thu 26/05/2022

black culture

Transgressive Records showcase, The Great Escape, Brighton review - five acts offer intriguing pop alternatives

Onstage at The Old Market in Hove, New York’s Mykki Blanco has been waving around a knot of garlic bulbs as if it were a wand or occult aspergillum. At some point during Blanco’s punchy rendition of 2016 single “Loner”, or possibly the dizzier “...

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Album: Kendrick Lamar - Mr Morale & the Big Steppers

Kendrick Lamar is so breathlessly revered it’s sometimes hard to pull apart what’s going on in his records. It’s sometimes felt like he might become the rap game Radiohead: exploratory, aware, hugely technically accomplished, endlessly thematically...

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For Black Boys Who Have Considered Suicide When The Hue Gets Too Heavy, Royal Court review - Black joy, pain, and beauty

The title is so long that the Royal Court’s neon red lettering only renders the first three words, followed by a telling ellipsis. But lyrical new play For Black Boys Who Have Considered Suicide When the Hue Gets Too Heavy lives up to its weighty...

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Shedding a Skin, Soho Theatre review - feel the love

Love is the most difficult four-letter word. And platonic love is perhaps the hardest kind of emotion to write well about. But it’s the central subject of Amanda Wilkin’s Shedding a Skin, and she describes it beautifully. This 2020 Verity Bargate...

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Red Pitch, Bush Theatre review - effortlessly and energetically entertaining

Football stories are never just about a game — they are also about life and how to live it. In Tyrell Williams’s Red Pitch, his debut play now getting an enthusiastically staging at the Bush Theatre after a shorter version wowed audiences at the...

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Queens of Sheba, Soho Theatre review – energy, entertainment and rage

Black women often find themselves subject to a double dose of prejudice. Pressure. They face everyday racism as well as sexism. It’s called misogynoir, and Queens of Sheba is a short show dedicated to calling it out. In as joyous and energetic way...

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Conundrum, Young Vic review - inscrutable and ungraspable

Conundrum is a tricky play. Written and directed by Paul Anthony Morris, founder of Crying in the Wilderness Productions, it’s an extended meditation on Blackness and what it means to live in a racist society. Anthony Ofoegbu is the star of the show...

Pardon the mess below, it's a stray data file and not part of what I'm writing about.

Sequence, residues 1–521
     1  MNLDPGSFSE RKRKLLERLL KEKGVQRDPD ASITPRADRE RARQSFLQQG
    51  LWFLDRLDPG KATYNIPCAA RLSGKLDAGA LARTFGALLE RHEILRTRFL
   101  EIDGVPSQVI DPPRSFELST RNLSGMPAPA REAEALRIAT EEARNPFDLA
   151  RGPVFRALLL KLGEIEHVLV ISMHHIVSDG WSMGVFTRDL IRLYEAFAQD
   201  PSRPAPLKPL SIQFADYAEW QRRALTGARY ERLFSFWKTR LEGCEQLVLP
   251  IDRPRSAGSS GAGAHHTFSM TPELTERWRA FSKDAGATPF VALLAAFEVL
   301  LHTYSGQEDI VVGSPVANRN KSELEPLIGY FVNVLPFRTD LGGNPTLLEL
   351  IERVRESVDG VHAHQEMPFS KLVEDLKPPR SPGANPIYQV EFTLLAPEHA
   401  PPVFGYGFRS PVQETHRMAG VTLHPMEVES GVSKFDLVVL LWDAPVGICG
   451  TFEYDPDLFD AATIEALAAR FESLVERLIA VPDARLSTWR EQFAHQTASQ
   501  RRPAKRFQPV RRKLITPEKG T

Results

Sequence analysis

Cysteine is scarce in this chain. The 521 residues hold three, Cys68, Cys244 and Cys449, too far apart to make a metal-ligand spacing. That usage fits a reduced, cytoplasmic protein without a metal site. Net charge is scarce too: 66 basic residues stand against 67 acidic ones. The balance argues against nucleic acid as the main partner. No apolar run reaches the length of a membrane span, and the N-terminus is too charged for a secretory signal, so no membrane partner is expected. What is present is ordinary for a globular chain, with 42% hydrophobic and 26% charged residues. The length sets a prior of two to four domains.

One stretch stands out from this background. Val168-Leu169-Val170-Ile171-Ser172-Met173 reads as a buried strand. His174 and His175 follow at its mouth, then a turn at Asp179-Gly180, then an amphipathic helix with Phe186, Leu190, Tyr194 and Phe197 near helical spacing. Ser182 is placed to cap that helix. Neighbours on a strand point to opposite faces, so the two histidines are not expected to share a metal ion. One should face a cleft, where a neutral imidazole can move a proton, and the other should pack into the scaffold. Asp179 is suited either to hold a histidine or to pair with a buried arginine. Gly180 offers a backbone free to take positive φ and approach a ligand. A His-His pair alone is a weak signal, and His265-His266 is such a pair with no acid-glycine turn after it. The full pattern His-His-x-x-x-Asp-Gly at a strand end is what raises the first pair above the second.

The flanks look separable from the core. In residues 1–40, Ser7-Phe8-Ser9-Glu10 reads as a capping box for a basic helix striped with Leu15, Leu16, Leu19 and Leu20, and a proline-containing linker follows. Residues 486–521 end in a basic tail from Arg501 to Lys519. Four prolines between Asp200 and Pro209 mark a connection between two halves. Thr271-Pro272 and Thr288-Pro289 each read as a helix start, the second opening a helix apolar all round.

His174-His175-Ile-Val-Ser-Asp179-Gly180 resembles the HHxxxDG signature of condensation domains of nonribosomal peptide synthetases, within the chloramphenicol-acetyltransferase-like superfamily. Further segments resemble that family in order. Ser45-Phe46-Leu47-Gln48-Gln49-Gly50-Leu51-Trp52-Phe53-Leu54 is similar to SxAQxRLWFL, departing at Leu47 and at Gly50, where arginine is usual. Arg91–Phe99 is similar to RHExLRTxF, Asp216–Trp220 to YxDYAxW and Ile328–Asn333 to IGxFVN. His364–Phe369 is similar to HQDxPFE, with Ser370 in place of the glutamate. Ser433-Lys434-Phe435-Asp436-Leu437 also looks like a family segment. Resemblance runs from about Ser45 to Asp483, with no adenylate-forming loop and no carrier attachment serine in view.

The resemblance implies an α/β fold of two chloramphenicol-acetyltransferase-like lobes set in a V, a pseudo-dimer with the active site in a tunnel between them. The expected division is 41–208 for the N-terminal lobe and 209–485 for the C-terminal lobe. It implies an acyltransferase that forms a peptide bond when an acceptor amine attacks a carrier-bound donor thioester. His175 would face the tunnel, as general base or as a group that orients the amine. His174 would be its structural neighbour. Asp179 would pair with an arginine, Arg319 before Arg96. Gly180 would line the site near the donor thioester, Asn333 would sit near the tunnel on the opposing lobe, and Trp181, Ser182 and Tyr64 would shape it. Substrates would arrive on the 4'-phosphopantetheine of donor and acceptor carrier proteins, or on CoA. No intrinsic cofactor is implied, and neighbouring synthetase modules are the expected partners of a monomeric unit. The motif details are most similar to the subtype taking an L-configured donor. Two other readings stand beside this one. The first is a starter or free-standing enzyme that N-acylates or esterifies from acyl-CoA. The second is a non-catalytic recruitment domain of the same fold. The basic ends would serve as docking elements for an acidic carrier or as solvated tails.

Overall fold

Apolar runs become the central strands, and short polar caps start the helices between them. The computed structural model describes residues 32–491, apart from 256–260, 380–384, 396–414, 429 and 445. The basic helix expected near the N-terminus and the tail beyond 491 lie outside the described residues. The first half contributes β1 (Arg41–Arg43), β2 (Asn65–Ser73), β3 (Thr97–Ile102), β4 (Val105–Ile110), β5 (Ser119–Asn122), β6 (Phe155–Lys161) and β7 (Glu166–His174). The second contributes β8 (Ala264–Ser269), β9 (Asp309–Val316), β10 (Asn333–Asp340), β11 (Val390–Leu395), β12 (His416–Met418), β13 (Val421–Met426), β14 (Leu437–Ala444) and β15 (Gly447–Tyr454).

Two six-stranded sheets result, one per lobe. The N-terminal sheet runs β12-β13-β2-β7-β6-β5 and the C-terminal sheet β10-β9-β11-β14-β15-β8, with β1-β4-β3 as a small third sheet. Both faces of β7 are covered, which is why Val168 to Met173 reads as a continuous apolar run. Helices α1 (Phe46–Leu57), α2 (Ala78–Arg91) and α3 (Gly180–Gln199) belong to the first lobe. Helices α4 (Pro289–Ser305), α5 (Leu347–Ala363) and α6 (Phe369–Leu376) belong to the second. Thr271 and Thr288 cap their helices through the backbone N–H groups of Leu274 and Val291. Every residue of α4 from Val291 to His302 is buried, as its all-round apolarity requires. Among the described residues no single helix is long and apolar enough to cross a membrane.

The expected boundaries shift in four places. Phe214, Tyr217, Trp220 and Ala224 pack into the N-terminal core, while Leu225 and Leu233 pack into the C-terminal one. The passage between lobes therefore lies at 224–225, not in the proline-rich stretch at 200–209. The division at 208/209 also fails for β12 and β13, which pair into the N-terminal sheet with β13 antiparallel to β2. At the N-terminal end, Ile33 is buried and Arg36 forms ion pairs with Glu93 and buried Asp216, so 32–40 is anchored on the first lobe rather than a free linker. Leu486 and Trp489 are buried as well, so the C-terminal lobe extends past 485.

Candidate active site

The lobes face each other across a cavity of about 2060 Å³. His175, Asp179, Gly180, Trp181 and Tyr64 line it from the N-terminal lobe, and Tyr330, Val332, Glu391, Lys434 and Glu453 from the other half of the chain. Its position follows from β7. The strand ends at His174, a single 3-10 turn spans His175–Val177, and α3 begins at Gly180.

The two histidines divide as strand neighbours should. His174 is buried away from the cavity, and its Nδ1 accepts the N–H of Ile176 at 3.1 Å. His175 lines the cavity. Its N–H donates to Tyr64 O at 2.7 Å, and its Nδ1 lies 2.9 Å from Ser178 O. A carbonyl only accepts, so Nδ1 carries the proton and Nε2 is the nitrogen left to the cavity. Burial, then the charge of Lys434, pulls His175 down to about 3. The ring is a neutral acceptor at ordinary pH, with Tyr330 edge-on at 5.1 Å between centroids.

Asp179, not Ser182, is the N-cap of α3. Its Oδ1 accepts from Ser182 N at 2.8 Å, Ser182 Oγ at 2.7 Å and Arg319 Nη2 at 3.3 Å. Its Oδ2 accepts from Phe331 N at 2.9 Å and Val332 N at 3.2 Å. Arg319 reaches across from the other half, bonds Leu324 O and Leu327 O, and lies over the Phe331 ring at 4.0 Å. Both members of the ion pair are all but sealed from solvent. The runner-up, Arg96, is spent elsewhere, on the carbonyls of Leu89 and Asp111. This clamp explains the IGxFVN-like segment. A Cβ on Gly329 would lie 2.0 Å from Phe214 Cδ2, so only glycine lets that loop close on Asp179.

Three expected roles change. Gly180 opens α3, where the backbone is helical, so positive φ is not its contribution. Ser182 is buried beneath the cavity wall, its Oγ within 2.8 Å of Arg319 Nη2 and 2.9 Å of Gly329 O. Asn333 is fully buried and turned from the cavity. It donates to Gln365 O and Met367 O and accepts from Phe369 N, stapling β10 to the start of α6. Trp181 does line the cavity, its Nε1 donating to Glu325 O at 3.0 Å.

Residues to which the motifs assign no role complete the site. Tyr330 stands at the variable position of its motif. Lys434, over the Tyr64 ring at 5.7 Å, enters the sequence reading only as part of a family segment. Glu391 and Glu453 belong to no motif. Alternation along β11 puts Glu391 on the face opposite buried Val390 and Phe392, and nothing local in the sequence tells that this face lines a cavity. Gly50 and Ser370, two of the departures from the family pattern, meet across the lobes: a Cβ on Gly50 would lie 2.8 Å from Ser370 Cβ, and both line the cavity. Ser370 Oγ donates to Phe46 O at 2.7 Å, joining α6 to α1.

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Trouble in Mind, National Theatre review - race, rage and relevance

The National Theatre has a good record in staging classic American drama by black playwrights. James Baldwin's The Amen Corner, August Wilson's Ma Rainey's Black Bottom and Lorraine Hansberry’s Les Blancs have all had terrific new stagings. Now it’s...

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Album: Justin Adams & Mauro Durante - Still Moving

Adams has long been Robert Plant’s guitarist in bands including the Sensational Space Shifters, as well as working with fellow Space Shifter Juldeh Camara in the band JuJu. He is steeped in American Blues as well as its West African and Desert Blues...

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The Wife of Willesden, Kiln Theatre review - a saucy ode to Brent

Zadie Smith might not be the only writer who can rhyme "tandem" with "galdem", but she’s the only one who can do it in an adaptation of Chaucer. In The Wife of Willesden, her debut play, a modern version of one of the Canterbury Tales, Smith’s...

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Blu-ray: Sweet Thing

The independent filmmaker Alexandre Rockwell has flown under the radar since he made his name with the Cassavetes-vibed 1992 New York comedy In the Soup. He recently explained that his career was sabotaged by Harvey Weinstein, who was jealous,...

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A Place for We, Park Theatre review - perceptive, but rather flabby

I’ve lived in Brixton, south London, for about 40 years now, so any play that looks at the gentrification of the area is, for me, definitely a must. Like many other places in the metropolis, the nature of the urban landscape has changed both due to...

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